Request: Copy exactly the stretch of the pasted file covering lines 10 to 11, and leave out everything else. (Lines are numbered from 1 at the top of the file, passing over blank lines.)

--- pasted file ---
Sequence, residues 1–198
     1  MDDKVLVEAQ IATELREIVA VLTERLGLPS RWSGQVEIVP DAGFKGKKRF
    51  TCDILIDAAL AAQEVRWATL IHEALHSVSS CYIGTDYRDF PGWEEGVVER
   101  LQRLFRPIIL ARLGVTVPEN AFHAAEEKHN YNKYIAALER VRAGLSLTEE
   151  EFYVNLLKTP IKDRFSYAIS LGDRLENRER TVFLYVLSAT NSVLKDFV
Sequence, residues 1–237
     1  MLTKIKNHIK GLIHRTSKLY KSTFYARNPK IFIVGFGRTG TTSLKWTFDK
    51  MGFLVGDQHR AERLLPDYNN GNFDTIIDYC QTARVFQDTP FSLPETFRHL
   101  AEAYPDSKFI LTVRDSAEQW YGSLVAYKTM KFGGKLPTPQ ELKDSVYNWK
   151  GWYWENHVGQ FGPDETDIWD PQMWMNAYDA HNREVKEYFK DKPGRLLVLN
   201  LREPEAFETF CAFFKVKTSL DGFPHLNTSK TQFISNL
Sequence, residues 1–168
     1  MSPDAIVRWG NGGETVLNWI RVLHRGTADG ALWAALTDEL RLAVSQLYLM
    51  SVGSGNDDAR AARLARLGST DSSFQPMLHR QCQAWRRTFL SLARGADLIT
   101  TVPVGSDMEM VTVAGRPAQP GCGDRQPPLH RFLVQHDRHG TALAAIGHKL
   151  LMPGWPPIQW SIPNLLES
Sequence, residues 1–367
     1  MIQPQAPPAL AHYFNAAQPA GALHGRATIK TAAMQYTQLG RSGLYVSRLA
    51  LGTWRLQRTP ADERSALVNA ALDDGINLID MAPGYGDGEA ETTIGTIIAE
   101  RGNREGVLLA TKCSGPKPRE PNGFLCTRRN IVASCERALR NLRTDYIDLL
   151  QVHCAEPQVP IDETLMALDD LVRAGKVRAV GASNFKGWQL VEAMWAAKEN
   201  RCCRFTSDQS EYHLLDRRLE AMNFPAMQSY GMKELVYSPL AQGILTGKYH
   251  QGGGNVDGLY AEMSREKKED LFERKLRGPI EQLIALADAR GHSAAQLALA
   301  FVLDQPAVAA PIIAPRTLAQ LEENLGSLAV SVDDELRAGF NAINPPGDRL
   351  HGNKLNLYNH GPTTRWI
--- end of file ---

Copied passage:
   151  GWYWENHVGQ FGPDETDIWD PQMWMNAYDA HNREVKEYFK DKPGRLLVLN
   201  LREPEAFETF CAFFKVKTSL DGFPHLNTSK TQFISNL